Tweeks

  9. Paul says:

    Hi, Paul here… the guy who built this.

    @dcroy – Opps, I didn’t know about your project. You definitely built this first!! I’ve updated my page with a link to your blog. You clearly deserve the credit.

    @Headshot-Zombie – Is using a $16 board that’s extremely easy to change in almost any way, rather than cheaper analog circuitry that requires soldering to change in substantial ways, considered a “big fail”? I can see that for production of thousands, or hundreds, or even a dozen units. But the very first prototype, even before the frequency ranges and other parameters are known? I built and tested this whole thing in about half a day, and being able to quickly download different programs (I tried a LOT of different ways) and tweak the delays saved a lot of time.

  10. Pete says:

    awesome that you took the time to figure this out. though i am sure you can achieve a greater number of steps. i have el gauges installed in my car that do this with about 6 steps of green-blue. though i am not sure of the differences between el paper and el wire.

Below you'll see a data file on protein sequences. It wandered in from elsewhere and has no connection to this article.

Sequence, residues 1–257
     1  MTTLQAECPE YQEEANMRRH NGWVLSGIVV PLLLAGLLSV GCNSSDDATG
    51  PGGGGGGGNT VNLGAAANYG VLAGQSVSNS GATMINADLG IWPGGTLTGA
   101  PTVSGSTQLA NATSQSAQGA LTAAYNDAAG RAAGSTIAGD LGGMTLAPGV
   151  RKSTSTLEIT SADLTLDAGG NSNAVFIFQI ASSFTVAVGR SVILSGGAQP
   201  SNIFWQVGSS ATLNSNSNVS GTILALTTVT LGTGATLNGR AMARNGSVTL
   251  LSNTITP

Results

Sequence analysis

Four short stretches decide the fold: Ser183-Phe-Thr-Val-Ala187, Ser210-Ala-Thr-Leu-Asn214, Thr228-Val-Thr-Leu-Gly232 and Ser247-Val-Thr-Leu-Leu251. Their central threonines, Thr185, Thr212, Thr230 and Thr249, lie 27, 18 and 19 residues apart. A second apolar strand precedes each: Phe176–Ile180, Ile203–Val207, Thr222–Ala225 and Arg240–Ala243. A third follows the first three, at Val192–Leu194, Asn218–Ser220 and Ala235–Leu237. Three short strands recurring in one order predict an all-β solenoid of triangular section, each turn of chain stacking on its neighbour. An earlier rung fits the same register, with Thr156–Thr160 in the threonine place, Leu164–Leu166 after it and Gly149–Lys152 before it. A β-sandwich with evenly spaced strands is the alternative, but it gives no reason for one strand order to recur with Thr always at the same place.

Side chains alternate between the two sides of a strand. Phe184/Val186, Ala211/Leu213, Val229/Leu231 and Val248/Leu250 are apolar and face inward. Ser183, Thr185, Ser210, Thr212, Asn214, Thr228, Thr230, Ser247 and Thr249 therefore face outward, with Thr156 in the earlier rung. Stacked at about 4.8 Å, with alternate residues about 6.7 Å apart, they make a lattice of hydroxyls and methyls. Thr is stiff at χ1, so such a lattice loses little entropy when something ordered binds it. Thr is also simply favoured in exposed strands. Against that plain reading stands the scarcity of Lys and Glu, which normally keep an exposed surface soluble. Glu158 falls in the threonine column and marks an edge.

11. dcroy says:

    @Headshot-Zombie standard high frequency ac drivers (for el wire, ccfl tubes, neon) typically use a plain square wave to pulse drive a step up transformer to generate ac, using a digital signal source adds the flexibility of being programmable

    ill be working on an a pic driven version of my own driver to play with some mixed frequency driving to try and solve the problem with driving electroluminescent at higher frequencies (brighter, with the bonus color shift but considerably lower lifespan)

    something along the lines of modulating between two frequencies to increase brightness while mitigating the reduction in lifespan

  12. cgimark says:

    I ran into the problem of driving an EL display a few months ago when I bought some EL backlight LCD displays. The problem is getting the frequency and voltage correct. My displays want 111VAC @ 120Khz which is a pain to generate cheaply. Now I know why the guy sold them to me so cheap :)